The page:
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As I have said since the Affordable Care Act launched, it will take some time to determine its full impact on health care costs. Now that we’re getting ready for the third full year of coverage in 2016, we’re starting to get a more complete picture of medical spending under the ACA.

Early on, industry and government officials counted on two assumptions: A healthier mix of customers in the second year (2015), and a leveling-out of medical spending this year following a surge in demand for the initial year. We now have enough data to know that both of these assumptions have not proven true.

The result is BCBSNC must make some changes to continue to provide health plans that our customers depend on. Today we are:

  • Revising our ACA rate filing for 2016 to an average increase of 34.6 percent for individual customers under age 65 with ACA plans
  • Reducing the availability of our Blue Advantage and Blue Select plans in a few geographic markets of the state

We understand the impact to customers of a higher rate increase (our original filing was for an average 25.7 percent increase). But the soaring use of health care services in 2015 was too large to ignore. Our rate request is consistent with others across the country as reported by The New York Times.

Earlier this summer, my colleague Brian Tajlili wrote in a blog post that our ACA customers are reporting even more chronic health conditions than last year, and they’re using a lot of expensive health care services. And he noted that we may need to adjust our filing to reflect a higher increase in order to cover these costs.

Unfortunately, we now know that to be the case. Our claims and expenses are higher than the premiums we are collecting. As we reported last month, the operating losses on our ACA business in 2014 were $123 million — a number that can’t be sustained over time.

 

What Our Claims Data Is Telling Us

About the time we submitted our rates to the North Carolina Department of Insurance in May, we only had data through March. Additional claims information came in and indicated a sharp increase in spending on medical services in 2015 compared to 2014. Based on this, we need to adjust our filing to reflect a higher increase in order to cover these costs.2014-2015 claims graph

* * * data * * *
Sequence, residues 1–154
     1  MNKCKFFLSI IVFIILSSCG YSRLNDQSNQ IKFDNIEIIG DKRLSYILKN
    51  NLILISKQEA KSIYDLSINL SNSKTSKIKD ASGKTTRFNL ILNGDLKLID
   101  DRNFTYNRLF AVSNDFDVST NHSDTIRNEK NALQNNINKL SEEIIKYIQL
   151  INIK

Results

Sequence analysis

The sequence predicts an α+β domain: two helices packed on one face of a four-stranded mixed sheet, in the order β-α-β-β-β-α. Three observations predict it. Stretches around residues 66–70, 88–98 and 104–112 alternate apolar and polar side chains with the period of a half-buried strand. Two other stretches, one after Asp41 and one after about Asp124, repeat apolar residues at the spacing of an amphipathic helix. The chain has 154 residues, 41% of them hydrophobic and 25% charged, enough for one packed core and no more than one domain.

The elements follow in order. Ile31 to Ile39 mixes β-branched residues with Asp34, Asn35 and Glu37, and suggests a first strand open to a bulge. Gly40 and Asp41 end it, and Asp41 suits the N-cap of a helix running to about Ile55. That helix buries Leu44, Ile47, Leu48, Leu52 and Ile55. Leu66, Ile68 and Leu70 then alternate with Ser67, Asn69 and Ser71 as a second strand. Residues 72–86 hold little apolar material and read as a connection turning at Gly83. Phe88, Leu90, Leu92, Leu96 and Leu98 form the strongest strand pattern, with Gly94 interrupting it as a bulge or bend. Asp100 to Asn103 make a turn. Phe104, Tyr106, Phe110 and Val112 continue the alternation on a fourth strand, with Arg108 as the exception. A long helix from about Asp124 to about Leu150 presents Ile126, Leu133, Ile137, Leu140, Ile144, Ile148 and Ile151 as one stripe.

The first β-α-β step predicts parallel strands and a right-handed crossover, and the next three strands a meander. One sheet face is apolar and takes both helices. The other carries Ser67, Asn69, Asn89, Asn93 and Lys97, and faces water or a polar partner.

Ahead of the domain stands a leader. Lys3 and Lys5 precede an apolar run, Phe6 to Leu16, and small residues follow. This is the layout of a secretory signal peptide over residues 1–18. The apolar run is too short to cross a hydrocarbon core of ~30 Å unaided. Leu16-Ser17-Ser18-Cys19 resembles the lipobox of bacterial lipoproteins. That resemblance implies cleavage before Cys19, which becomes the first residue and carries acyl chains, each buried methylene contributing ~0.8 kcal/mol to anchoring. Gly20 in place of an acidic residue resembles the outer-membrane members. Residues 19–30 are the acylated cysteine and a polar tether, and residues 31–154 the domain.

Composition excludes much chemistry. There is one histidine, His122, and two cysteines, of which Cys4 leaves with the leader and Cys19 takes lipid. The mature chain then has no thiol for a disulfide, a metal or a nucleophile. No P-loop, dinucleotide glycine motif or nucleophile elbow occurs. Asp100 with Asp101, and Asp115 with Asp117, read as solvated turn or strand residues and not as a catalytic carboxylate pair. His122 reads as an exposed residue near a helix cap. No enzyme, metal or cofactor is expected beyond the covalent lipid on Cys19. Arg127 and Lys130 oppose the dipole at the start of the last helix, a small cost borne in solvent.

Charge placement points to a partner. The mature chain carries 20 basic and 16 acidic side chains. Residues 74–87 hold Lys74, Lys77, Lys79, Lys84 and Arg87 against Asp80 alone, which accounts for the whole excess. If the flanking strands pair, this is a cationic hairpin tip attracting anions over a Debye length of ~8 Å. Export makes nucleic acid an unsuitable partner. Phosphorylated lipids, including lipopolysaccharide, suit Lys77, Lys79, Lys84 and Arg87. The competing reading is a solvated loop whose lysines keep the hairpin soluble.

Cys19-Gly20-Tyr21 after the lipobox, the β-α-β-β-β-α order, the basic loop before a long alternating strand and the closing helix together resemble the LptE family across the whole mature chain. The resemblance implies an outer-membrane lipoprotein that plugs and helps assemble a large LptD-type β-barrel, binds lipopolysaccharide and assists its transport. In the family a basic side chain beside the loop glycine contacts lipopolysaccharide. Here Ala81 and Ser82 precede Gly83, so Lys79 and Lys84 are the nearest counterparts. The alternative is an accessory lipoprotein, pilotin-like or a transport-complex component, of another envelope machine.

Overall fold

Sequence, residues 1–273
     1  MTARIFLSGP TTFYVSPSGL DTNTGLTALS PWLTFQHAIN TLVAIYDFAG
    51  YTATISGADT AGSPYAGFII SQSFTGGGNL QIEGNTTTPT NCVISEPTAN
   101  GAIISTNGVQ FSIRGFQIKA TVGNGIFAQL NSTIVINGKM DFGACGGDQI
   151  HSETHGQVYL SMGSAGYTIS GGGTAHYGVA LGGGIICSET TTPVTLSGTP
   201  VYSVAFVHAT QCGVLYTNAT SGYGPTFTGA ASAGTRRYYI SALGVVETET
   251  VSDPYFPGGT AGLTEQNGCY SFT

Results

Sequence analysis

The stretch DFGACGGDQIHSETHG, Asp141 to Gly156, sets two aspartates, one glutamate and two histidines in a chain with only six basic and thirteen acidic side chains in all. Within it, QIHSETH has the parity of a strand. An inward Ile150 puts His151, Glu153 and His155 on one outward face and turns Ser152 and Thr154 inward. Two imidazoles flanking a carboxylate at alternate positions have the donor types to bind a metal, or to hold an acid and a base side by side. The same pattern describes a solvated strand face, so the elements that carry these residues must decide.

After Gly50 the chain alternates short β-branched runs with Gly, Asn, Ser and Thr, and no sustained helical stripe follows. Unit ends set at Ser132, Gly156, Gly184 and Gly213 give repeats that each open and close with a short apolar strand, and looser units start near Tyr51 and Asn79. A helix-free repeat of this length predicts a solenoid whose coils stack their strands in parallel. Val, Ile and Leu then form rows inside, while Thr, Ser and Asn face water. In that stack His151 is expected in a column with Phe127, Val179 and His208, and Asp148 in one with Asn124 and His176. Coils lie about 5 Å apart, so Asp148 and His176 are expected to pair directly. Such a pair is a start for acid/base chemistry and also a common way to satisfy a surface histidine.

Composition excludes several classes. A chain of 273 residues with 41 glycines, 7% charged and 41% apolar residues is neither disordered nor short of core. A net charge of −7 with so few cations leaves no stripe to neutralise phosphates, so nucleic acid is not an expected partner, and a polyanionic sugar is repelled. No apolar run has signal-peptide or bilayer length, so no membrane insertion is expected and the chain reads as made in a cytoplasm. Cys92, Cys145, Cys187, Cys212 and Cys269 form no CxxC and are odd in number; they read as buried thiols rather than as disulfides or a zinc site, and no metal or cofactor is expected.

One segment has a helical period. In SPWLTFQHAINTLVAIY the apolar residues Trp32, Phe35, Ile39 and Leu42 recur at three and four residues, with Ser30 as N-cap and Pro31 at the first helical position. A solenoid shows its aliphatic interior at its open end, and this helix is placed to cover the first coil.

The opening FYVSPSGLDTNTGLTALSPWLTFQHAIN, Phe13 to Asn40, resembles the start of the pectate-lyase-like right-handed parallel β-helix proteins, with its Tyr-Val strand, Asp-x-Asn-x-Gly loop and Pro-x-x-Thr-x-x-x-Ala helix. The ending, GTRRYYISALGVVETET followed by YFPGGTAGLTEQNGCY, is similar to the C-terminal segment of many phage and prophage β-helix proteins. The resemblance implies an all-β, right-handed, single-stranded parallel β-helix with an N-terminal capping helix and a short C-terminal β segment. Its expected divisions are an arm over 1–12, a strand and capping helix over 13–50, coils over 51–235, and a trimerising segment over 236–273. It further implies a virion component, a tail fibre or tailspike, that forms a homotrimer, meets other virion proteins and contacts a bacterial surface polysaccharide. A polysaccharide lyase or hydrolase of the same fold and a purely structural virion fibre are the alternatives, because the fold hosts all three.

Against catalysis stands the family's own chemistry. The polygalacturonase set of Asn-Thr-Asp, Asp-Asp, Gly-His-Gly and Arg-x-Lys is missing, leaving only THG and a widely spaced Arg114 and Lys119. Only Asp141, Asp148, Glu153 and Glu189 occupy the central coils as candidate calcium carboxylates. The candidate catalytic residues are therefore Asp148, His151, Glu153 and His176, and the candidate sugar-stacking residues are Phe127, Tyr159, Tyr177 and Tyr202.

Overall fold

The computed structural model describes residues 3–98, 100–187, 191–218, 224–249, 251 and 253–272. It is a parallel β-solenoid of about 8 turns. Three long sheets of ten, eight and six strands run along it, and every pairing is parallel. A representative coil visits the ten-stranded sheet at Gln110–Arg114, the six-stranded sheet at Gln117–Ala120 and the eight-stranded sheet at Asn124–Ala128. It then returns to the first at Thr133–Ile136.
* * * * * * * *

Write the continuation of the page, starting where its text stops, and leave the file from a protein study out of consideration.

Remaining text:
The second step we are taking is looking at our product offerings and listening to our customers. We noticed a majority of ACA customers are favoring new, lower-cost plans that offer a smaller, but more than adequate network of health care providers.

In keeping with this approach, we will no longer offer Blue Advantage and Blue Select plans in the counties in the Charlotte, Raleigh and Durham markets. This applies only to people who buy their own insurance. The good news is that our customers will have the ability to choose a more affordable plan with their preferred health system. And BCBSNC will again offer products in all 100 counties in North Carolina. Based on choices our customers have been making over the past two years, we’re confident the new plans will meet their needs.

 

What’s New in 2016?

Look for lower-cost, preferred network plans with customers’ health system of choice with Blue Local and Blue Value in 2016. These plans have proven to be a popular choice as an affordable option that includes highly regarded hospitals and in-network doctors.

It’s important to note that the changes I outlined here affect only those who buy their own ACA health plans. This change only affects 1.4 percent of all our customers. It does not impact you if you get insurance through your employer or a small group — or if you have a grandfathered or transitional plan.

The Department of Insurance is scheduled to review the proposed rates later this month. Current ACA customers will receive renewal notices that explain how these changes affect them this fall.

Patrick Getzen

About Patrick Getzen

Patrick is Vice President and Chief Actuary for Blue Cross and Blue Shield of North Carolina. He has nearly 20 years experience in the health insurance industry with emphasis on the areas of group and individual pricing, valuation, product development, and financial planning.